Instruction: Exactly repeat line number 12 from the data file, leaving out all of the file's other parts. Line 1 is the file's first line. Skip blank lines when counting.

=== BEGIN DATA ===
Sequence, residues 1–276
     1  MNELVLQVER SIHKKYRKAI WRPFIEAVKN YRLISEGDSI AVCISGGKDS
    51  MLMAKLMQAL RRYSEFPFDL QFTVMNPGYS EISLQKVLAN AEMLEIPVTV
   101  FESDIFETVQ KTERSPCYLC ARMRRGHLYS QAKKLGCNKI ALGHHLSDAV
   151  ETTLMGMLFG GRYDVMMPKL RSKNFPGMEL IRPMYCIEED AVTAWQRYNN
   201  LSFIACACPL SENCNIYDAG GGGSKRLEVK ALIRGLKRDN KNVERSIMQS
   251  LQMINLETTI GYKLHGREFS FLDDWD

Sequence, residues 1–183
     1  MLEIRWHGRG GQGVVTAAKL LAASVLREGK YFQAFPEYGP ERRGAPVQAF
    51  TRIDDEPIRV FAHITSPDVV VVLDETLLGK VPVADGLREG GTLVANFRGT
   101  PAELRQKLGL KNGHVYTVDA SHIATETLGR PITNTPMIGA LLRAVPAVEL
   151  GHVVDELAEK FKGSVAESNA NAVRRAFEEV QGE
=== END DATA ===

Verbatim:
   151  GHVVDELAEK FKGSVAESNA NAVRRAFEEV QGE